North Koreans relish the element of surprise when they get to choose the stage and command the theatrics. Last week, the unexpected visit of three top leaders of the Democratic People’s Republic of Korea (DPRK) to the closing ceremony of the Asian Games in Incheon stole the show from the athletes.
The three visitors — vice chairman of the National Defense Commission Hwang Pyong-so, and two other senior officials from the Korean Workers’ Party, Choe Ryong-hae and Kim Yang-gon — met with South Korean Prime Minister Jung Hong-won, national security adviser to the president Kim Kwan-jin and Unification Minister Lee Jae-joung. It was a rather merry occasion, with leaders on both sides promising to meet again next month and offering smiles and handshakes for the cameras.
Korea observers are wondering what this means for the future of the inter-Korean relationship. Is Pyongyang trying to send a message to South Korea, the US and China? Are the six-party talks on North Korea’s nuclear program, which have been defunct since 2009, set to resume?
The clearest answer is that there is no clear answer. In recent months, North Korea has been exploring new diplomatic territory, with high-level officials engaging Europe, Japan and the UN General Assembly in New York.
Last week, the DPRK mission to the UN even responded to a highly critical human rights report by acknowledging the existence of its labor camps — which it defended as a means of “re-education” and “reform.”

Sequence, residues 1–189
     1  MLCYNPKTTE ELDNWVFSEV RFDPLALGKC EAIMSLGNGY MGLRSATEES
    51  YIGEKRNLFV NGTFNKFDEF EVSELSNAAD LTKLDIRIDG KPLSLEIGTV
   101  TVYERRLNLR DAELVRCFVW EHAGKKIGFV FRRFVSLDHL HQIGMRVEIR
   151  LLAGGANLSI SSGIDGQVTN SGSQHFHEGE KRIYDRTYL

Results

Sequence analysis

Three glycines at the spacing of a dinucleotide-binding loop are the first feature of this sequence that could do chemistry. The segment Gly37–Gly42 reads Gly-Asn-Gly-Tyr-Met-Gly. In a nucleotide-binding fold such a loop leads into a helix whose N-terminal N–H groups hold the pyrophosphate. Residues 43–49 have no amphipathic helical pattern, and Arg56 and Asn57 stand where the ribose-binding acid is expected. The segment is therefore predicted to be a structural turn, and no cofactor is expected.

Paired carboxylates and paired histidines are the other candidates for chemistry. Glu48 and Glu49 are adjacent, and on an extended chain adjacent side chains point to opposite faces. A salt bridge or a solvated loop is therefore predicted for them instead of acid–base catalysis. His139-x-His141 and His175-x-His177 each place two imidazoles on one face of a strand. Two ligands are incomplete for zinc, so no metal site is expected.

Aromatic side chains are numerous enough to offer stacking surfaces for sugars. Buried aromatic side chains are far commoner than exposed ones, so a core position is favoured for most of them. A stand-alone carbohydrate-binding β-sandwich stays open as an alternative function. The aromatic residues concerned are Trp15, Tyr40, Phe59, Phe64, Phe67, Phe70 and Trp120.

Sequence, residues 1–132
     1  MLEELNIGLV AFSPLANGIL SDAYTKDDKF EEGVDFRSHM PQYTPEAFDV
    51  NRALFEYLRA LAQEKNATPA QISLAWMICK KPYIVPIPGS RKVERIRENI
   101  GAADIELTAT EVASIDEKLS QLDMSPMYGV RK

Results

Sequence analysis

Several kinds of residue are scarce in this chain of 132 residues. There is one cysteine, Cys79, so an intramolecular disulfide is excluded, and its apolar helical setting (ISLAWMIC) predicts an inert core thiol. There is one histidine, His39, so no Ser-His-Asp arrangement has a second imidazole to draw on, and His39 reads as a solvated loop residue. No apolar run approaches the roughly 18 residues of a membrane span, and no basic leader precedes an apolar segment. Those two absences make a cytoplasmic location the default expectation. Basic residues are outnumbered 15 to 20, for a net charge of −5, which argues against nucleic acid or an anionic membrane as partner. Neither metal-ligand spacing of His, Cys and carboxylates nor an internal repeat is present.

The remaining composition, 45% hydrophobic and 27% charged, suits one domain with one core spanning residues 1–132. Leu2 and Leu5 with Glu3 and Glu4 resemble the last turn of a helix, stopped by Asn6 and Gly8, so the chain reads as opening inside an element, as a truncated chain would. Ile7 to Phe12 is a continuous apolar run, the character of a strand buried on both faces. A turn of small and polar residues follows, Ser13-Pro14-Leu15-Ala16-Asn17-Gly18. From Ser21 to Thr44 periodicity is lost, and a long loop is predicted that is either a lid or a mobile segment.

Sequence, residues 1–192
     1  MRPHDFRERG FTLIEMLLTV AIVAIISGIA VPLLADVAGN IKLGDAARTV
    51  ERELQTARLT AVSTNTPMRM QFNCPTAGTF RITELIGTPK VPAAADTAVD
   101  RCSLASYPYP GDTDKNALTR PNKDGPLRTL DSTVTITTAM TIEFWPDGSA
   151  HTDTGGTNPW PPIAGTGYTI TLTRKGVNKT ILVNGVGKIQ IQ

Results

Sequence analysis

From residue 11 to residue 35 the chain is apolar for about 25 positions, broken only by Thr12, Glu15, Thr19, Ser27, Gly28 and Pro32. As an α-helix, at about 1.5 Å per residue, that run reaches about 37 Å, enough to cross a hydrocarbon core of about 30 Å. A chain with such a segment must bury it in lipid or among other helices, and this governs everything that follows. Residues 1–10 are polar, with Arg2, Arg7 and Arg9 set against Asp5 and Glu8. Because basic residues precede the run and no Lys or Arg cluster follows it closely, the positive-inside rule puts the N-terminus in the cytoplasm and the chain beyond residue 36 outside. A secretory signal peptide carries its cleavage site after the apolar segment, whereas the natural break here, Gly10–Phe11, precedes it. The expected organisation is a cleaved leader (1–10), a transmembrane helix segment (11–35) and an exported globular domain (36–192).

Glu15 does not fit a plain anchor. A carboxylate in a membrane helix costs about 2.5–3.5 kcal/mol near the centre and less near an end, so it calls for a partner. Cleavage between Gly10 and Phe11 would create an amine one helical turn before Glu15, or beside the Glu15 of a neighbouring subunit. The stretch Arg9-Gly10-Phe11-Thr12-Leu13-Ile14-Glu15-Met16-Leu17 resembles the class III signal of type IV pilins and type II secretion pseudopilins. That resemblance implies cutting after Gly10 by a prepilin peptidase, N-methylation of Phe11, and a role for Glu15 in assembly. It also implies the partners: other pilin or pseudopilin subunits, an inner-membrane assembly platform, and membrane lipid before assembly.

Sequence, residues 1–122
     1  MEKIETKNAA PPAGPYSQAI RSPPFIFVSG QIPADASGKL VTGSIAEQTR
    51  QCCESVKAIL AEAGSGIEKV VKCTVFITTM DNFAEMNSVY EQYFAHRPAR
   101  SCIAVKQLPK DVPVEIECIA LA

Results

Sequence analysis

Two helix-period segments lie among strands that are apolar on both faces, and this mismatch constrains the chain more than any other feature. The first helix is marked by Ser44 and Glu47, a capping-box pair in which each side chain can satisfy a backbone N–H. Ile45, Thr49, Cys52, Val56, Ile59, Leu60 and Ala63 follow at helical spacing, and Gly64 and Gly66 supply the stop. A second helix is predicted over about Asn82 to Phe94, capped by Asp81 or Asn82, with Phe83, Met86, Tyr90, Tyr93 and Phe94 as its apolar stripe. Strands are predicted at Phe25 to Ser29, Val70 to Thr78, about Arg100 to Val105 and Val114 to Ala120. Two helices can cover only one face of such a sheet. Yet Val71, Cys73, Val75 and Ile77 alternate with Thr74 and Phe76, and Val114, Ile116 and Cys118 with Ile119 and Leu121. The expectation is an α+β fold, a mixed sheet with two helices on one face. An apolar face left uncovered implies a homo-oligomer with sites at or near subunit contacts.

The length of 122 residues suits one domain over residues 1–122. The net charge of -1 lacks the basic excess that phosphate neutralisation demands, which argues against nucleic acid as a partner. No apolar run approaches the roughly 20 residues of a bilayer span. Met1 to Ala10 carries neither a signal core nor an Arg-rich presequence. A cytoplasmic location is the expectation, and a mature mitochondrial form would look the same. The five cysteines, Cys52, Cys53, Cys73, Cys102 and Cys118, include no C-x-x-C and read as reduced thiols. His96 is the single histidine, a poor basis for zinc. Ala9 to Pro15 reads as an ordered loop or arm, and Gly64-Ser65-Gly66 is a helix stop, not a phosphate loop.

North Korea has been far less forthcoming about its intentions. It remains to be seen whether it seeks to engage the rest of the world in a constructive and sustained manner, or whether DPRK officials and diplomats are merely putting a good face forward to divert international attention from their nation’s reputation as a nuclear weapons proliferator and human rights violator.
Indeed, the visit to Incheon comes within a context of mixed messages. Two days before the North Korean delegation arrived, the Committee for the Peaceful Reunification of Korea — officially part of the Korean Workers’ Party — denounced the “South Korean puppet forces for seriously violating the North-South joint declarations and pushing North-South ties into the worst catastrophe.”
On the day of the Incheon visit, North Korea’s state news agency continued the bellicose and derogatory language toward South Korea and the US: “Lurking behind this is an ulterior design of the US to [prod more] zealously the South Korean puppet forces into escalating the confrontation with the DPRK in a bid to strain the situation to an extreme pitch and ignite [a] second Korean War.”